The Sparrow and the Heart: The Heart (Part 2)

If you’re anything like me, then maybe you have a hard time relating to the Apostle Paul. After all the cat kind of seems like a super hero of the Christian Faith. We think about all that he went through and accomplished and simply stand amazed. He experienced intense suffering: beaten, left for dead, shipwrecked, imprisoned, abandoned by his friends, and constantly threatened. He went with little food and little water, and was basically homeless. But through it all Paul remains faithful. So he is wrongfully imprisoned and what does he do? He sings hymns in jail. These are the kinds of moments where we hear Paul’s story and think, what can I learn from this super saint? After all, I don’t suffer with joy most of the time. Nor have I even experienced half of the kind of trials that Paul did. So how can I relate? 2 Corinthians give us help in that area, for here Paul gives us a principle for enduring great or little pain with faith in God.

The background of 2 Corinthians is that Paul is writing to a church to say to them that his suffering is part of his identity as a genuine follower of Christ. There were false teachers in the area of this church who were denying that Paul was an apostle, and their argument was built on the fact that Paul had suffered so much. They said something like, “Paul can’t be an apostle, look how much he suffers. Surely Jesus would not allow one of his own to experience all that pain and sorrow. Therefore, Paul must not really be a follower of Jesus.” But Paul identifies his suffering as a badge that proves He is a genuine follower of Christ.

in 2 Corinthians 12:1-10 Paul unpacks this. He begins by noting that while the false teachers may boast in the visions they’ve had Paul himself has been ushered into the very throne room of God. And he has seen things that he’s not even at liberty to repeat. He has something truly amazing to boast in, and so, to keep him from becoming a proud, arrogant man a “Thorn in the flesh was given” to Paul. There are several key words in this phrase that we must unpack if we are going to make sense of Paul’s suffering.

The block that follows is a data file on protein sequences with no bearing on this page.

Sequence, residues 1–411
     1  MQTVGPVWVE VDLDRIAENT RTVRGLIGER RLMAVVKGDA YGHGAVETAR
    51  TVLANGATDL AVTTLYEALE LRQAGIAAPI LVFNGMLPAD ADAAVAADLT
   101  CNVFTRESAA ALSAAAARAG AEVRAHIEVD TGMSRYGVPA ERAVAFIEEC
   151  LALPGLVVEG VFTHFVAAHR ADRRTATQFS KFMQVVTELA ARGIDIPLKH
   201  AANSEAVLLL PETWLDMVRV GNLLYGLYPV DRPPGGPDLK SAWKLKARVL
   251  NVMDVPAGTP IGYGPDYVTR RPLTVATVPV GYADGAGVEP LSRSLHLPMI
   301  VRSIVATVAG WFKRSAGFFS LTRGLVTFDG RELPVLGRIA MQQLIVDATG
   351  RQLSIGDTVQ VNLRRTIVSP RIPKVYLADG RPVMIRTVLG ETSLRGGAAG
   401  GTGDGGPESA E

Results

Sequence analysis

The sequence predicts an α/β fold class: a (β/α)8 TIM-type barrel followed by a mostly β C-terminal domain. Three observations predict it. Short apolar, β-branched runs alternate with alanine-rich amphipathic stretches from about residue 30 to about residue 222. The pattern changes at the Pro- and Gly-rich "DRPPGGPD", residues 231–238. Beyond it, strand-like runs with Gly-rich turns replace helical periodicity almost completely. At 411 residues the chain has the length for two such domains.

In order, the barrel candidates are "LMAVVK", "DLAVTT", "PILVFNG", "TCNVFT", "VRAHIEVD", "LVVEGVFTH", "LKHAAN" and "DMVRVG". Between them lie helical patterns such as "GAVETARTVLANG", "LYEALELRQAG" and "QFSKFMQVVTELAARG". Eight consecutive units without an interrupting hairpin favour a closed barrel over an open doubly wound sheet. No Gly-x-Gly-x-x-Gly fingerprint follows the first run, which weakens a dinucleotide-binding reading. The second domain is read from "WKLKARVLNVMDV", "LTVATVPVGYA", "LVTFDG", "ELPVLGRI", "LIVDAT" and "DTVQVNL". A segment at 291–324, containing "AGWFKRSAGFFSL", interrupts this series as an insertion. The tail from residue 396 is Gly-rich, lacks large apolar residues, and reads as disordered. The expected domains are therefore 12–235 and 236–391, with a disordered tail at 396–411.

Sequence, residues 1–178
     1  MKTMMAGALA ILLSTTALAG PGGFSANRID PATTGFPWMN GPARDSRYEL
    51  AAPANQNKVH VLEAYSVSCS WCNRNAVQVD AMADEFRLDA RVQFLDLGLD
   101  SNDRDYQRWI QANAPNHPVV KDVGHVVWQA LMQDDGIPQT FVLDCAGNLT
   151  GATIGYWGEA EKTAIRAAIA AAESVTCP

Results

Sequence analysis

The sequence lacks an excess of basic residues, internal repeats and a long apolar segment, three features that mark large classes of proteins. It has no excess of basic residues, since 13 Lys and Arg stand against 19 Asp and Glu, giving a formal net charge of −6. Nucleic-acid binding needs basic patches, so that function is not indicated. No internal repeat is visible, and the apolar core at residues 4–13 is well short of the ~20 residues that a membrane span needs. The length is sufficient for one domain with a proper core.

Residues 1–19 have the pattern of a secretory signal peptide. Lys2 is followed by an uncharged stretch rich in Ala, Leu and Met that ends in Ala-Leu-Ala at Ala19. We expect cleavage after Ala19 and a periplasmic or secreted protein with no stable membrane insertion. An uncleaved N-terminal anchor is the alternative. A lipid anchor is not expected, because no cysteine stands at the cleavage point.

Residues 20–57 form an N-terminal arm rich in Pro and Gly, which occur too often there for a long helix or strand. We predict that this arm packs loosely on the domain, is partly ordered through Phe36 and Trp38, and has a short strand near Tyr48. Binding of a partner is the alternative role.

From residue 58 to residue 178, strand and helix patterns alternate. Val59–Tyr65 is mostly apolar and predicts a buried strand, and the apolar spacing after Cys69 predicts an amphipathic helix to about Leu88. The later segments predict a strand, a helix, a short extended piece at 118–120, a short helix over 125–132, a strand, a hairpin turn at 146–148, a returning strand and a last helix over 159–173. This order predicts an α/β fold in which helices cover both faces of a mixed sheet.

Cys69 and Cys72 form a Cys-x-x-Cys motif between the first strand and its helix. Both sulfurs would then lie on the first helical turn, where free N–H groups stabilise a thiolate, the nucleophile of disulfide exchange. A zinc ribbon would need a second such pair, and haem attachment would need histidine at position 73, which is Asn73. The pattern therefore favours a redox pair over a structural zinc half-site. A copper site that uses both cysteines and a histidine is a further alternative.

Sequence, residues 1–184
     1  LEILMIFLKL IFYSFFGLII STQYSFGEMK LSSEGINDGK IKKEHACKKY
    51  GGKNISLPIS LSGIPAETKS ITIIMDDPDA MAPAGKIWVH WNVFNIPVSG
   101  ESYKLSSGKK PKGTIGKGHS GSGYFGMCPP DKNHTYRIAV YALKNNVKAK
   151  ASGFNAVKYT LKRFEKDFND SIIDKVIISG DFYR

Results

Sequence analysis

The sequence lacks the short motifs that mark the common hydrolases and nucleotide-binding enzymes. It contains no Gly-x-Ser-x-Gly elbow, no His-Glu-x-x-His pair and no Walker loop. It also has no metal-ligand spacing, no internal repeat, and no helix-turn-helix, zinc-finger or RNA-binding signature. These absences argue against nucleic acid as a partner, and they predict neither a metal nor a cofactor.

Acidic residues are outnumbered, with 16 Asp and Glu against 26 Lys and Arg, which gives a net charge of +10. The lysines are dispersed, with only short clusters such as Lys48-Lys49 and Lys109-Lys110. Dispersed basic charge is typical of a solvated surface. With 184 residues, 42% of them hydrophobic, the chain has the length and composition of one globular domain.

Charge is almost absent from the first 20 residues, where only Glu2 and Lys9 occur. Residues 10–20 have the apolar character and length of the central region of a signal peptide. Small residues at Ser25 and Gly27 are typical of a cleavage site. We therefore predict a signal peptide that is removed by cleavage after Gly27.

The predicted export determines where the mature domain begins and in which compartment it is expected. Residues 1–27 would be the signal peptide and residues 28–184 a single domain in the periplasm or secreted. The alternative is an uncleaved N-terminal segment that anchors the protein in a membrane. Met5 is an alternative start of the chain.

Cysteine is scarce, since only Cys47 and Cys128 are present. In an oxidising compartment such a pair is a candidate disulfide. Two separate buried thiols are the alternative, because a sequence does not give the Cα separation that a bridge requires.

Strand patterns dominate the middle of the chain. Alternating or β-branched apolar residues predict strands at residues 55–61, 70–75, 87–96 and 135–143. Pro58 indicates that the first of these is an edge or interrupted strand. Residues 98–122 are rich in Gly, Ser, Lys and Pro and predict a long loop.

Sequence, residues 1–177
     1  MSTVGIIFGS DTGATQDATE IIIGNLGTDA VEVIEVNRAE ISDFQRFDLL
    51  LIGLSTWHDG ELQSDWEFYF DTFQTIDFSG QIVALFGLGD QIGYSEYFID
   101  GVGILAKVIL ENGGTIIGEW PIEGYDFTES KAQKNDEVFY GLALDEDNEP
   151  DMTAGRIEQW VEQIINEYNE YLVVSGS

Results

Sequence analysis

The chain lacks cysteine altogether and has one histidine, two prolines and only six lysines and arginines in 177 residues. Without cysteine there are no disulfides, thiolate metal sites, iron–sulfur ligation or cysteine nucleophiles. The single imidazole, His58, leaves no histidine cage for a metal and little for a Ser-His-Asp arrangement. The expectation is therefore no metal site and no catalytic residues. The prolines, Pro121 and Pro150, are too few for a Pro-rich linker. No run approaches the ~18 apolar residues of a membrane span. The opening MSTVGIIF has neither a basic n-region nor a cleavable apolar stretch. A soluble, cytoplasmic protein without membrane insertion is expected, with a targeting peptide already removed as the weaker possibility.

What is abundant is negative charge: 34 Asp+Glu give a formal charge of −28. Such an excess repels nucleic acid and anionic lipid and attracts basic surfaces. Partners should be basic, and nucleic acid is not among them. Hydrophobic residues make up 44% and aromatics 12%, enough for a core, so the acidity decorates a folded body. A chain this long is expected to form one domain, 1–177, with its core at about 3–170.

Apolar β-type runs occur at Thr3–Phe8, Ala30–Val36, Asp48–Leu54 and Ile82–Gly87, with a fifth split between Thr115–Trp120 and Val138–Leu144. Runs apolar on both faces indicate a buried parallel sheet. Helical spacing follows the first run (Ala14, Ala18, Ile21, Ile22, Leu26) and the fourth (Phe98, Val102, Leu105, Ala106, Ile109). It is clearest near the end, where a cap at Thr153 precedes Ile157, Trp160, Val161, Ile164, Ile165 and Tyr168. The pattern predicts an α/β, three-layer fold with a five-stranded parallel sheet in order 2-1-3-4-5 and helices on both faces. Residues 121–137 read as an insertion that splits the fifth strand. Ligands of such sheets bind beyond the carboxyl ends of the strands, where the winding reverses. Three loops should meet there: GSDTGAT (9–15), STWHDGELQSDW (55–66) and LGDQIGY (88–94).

First, “thorn.” The word literally implies a big stake, like the kind used in crucifixion. This is more than just a brier from a rose bush. This is a serious piercing he is talking about here. Now, of course, the thorn is actually a metaphor for something else. Paul does not literally mean he is walking around with a stake hanging out of his arm, but no one is quite sure what Paul means when he references this “thorn.” Some argue for a physical malady, some argue for an emotional/psychological frustration, others a relational problem, and still others a demonic attack. I don’t know what Paul was literally referencing here, and neither does anyone else. But I think part of the reason we don’t know for certain is because the ambiguity of it allows us all to relate to Paul. If you experience the relation problem you might see a connection to Paul’s language here, the same could be true of the physical or emotional problems. The thorn is something we’ve all experienced in some manifestation or another.

Second, “in the flesh.” Since the goal of this “thorn” is to keep Paul humble then he must be referring here to his sinful nature that wants to boast and brag in the vision he has seen. God’s aim is to help Paul fight sin by giving him a thorn. That says something to us about the ways in which we suffer. God is always using our suffering to sanctify us. Whether that means keeping us from sin, or developing godly attributes in us before we sin.

Thirdly, “given.” This is a key word, for it implies that there is a motive and a mover behind the thorn in the flesh. So who “gave” this thorn to Paul? The natural impulse might be to say it is from Satan. After all a thorn in the flesh is bad and Satan does bad things, so it must be from him…right? The problem with that conclusion, however, is that the stated motive of the thorn is to keep Paul humble. Since when is Satan more interested in our humility than our boasting in our selves and our accomplishments? No, the right answers has to be that God has given Paul this “thorn,” this “mess anger of Satan.” Does that strike you as strange as it does me? But that is what the text implies.What we see here is that our principle of the wounded heart is at work: God causes the struggle.

We will flesh out in more detail what all of this means in the coming weeks, but it is important to start with this point. God does cause struggles. But remember the principle we are going to finish unpacking: When God Causes the Struggle He will also give us a Grace through the Struggle!

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